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Learning About Social Class Issues in Shanghai

Mar 17, 2016 8:30:00 AM / by Stephanie Sadler


CAPAStudyAbroad_Shanghai_spring2016_From_Daniel_Thompson.jpgDaniel Thompson is an official CAPA blogger for spring 2016, sharing his story in weekly posts on CAPA World. A sociology major at Lebanon Valley College, he is studying abroad in Shanghai this semester.

In this week's post, Daniel shares his thoughts on the issue of social class status that plays a powerful role in Chinese society.

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Lately, I've been finding myself sitting by the riverside of ECNU and thinking about the moments in life that shape the character of who we will become in the future. We get so caught up in day-to-day life and trying to develop a facade of neatness, that it allows us to forget about the little things that matter the most.

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This week was a very busy and stressful time for me. I finally figured out my internship and school schedule. I’m taking three classes and interning as an international consultant for a firm with my partner and friend Sally who is also studying abroad. The placement seems like it will be a fun one, but also challenging. We have to find geographic and legal regulations in LA to help build a multi-million dollar condo.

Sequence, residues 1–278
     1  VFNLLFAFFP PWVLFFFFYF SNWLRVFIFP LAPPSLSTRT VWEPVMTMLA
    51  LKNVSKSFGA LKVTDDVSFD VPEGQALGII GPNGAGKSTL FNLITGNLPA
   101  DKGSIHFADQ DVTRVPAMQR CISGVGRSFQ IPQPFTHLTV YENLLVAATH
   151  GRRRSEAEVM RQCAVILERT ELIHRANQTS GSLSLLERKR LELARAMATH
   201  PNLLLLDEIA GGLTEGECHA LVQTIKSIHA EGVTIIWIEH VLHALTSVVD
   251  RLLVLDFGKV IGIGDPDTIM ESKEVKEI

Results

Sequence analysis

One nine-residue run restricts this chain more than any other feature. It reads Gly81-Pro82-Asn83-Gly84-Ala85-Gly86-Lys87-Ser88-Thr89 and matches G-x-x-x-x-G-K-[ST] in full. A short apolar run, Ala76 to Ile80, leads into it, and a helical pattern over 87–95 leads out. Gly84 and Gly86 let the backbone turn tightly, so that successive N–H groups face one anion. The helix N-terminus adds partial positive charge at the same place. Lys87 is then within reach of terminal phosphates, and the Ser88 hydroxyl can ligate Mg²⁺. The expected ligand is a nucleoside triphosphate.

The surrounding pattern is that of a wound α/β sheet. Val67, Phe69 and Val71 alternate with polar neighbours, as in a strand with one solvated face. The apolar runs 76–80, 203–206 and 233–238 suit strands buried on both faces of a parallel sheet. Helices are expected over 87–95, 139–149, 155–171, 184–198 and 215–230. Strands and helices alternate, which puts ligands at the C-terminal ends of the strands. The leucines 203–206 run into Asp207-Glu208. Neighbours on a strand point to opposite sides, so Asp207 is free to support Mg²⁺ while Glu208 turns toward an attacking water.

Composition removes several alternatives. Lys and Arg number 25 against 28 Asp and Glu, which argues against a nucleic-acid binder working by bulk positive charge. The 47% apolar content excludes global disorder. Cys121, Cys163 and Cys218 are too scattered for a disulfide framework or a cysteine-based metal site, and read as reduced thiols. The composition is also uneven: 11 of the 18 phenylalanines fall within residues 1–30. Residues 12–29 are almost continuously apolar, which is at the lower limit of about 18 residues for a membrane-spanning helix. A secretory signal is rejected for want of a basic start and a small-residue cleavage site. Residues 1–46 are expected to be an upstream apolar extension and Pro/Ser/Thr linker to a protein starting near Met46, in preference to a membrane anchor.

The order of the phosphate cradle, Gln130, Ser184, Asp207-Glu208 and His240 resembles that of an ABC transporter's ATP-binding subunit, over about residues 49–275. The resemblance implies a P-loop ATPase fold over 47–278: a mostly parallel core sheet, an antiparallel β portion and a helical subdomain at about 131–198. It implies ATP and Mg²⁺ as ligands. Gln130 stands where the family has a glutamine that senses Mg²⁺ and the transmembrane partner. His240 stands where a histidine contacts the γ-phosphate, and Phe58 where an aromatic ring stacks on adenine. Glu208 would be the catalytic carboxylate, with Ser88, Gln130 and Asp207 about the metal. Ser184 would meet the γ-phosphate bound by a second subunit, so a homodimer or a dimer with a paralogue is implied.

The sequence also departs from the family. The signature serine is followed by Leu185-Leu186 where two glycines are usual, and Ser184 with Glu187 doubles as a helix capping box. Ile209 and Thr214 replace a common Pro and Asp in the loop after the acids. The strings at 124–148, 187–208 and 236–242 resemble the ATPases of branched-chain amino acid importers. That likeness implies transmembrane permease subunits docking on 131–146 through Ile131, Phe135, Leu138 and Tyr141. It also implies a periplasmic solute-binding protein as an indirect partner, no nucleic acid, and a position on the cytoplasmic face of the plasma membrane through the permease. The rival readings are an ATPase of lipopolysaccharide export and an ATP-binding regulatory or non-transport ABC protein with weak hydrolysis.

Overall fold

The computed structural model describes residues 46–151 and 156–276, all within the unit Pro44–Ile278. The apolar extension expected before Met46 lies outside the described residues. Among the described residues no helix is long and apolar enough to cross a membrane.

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In one of this week's classes, we had a discussion on the idea of social class, and how many Chinese hide their real status by trying to fit in with the rich and famous. For instance, they buy designer clothes and accessories from other countries just to say they came from the Italy or the United States. A face mask to prevent breathing in smog is also a huge deal when it comes to being able to tell the wealth of someone else.

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When the professor was telling the class about these issues, I realized that social class is a universal problem. Even in the United States, we tend to look at how someone presents themselves and hold stigmas about his or her qualities. For example, one may look at what type of car someone is driving and label them as being part of a certain social class. I feel it is unfair that we label one another based on what products someone can afford or what brand a person likes to wear. The class dialogue presented me with a very interesting but troubling topic. It brought perspective on the power of labels and how our views can lead to labeling.

Thanks Daniel!

Daniel's journey continues every Thursday so stay tuned. 

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Topics: Shanghai, China, Academics Abroad